How received support can help aid athletes with hamstring injuries adhere to their rehabilitation programme?’
Cardiff Metropolitan University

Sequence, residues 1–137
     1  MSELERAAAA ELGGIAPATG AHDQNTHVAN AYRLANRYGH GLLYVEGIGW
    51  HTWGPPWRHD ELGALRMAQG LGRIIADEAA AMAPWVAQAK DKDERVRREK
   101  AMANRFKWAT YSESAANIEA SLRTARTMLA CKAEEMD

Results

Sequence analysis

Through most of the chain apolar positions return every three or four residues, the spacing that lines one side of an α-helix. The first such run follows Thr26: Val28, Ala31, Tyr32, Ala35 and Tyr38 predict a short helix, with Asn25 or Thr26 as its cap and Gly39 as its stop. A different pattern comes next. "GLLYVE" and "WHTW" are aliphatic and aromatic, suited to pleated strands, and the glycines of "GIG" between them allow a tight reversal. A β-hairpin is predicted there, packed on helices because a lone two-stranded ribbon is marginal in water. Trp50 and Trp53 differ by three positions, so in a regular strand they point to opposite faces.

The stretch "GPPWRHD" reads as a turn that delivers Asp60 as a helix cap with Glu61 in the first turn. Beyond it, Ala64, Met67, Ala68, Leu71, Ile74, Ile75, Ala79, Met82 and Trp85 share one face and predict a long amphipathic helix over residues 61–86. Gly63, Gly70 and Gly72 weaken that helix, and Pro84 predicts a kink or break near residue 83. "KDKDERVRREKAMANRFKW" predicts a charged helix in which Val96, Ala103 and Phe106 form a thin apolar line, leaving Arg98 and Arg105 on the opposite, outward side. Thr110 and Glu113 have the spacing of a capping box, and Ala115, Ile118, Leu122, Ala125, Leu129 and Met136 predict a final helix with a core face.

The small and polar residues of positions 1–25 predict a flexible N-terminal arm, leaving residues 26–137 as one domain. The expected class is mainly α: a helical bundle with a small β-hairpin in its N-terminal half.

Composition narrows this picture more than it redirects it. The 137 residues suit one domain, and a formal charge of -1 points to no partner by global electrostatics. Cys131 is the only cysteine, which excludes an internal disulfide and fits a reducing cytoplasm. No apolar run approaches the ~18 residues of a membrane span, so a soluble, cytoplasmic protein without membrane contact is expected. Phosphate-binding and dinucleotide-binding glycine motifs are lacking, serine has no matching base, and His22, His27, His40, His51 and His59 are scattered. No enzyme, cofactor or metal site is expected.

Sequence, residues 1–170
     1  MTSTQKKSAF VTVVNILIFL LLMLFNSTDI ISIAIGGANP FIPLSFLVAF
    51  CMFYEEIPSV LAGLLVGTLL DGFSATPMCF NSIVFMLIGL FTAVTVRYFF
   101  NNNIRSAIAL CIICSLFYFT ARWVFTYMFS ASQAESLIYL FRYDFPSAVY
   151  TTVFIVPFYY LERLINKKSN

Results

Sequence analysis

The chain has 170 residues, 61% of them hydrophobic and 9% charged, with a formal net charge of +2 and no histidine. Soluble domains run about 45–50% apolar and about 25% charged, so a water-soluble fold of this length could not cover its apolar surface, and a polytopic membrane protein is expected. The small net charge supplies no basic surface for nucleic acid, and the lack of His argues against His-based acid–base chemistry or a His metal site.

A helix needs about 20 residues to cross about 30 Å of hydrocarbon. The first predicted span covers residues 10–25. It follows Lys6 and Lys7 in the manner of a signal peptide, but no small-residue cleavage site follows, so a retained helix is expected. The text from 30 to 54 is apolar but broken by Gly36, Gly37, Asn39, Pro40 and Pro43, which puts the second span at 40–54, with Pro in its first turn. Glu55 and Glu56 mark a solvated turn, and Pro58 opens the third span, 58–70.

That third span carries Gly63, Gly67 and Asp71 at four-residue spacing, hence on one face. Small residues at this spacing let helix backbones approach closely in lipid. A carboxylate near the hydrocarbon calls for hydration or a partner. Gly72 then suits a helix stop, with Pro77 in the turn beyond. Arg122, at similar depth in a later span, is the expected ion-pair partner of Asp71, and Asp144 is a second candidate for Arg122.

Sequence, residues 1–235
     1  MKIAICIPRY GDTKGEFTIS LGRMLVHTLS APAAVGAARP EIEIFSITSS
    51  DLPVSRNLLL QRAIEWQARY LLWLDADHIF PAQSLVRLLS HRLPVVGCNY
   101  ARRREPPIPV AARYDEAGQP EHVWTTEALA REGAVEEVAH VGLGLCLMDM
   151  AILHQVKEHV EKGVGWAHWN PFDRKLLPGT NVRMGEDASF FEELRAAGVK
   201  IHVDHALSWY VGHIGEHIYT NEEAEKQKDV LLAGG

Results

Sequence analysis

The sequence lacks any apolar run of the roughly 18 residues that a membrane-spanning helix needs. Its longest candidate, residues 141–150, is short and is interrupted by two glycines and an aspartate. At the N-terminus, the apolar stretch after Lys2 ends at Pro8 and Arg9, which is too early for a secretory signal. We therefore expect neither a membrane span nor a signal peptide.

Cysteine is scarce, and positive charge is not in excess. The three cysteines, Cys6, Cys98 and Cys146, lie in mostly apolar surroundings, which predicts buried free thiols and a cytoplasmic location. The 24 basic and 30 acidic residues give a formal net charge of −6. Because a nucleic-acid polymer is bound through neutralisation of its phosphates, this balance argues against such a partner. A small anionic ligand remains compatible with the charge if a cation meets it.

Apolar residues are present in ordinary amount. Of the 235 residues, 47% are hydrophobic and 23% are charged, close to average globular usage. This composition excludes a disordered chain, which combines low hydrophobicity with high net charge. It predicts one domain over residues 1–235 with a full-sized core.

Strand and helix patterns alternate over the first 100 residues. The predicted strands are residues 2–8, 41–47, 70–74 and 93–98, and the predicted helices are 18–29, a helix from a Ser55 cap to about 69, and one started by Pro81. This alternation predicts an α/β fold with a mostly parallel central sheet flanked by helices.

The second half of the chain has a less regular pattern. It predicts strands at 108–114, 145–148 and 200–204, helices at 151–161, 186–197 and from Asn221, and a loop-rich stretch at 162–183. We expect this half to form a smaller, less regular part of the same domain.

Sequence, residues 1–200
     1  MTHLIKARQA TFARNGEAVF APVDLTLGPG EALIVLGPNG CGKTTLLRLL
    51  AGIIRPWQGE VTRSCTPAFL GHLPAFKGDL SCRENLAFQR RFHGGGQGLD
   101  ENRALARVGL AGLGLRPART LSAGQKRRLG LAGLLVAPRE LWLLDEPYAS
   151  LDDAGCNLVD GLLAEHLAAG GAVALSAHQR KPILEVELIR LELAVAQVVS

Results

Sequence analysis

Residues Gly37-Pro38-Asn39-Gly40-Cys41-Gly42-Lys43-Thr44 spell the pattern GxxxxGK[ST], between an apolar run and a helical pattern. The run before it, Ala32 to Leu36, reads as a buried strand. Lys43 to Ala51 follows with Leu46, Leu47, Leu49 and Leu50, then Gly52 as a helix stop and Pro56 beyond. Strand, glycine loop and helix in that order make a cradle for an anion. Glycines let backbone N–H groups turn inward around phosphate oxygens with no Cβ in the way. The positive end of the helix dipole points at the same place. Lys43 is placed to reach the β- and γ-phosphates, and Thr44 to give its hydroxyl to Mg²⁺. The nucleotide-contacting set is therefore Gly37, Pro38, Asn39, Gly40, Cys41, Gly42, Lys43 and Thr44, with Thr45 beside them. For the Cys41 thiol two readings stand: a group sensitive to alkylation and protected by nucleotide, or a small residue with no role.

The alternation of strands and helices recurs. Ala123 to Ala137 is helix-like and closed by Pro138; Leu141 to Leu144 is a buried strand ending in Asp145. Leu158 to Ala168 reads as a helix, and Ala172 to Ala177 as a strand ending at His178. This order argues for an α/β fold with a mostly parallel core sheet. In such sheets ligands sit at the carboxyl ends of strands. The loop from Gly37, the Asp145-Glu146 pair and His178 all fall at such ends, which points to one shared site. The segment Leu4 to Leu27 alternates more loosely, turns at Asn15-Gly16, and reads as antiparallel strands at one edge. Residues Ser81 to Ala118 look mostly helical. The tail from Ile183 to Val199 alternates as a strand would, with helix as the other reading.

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The purpose of this study was to extend existing sports psychology research into social support. The present study examines the influence that received support has on adherent behaviours upon a rehabilitation programme. The study examined eight athletes who engaged in Amateur/semi-professional level. Who had sustained hamstring injuries on a 3G surface that were shown to return to sport within six months of the injury onset. Cutrona and Russel (2010) framework on received support was used to study the affect received support has on adherence. This framework has allowed the current study to add to the current inconsistent body of research by illustrating similarities or differences on previous research (e.g Bianco, 2001; Johnston and Carrol, 1998; Rees and freeman, 2012). The findings from this study have reiterated the temporal nature (e.g. Johnston and Carrol, 1998; Bianco, 2001) of received support within an rehabilitation environment and how each dimension of support is utilised to facilitate adherence. Furthermore each dimension of support (e.g. Informational, esteem, emotional,& tangible) is shown to be indicicitive that certain members of ones support network are better suited to certain dimensions. The study concludes that when receiving support it is vital for athletes to receive the correct dimension of support from the most suitable provider in order to maximise the affects of received support. Future research should investigate whether the timing of the injury in relation to the season has implications on an athletes reaction to received support.
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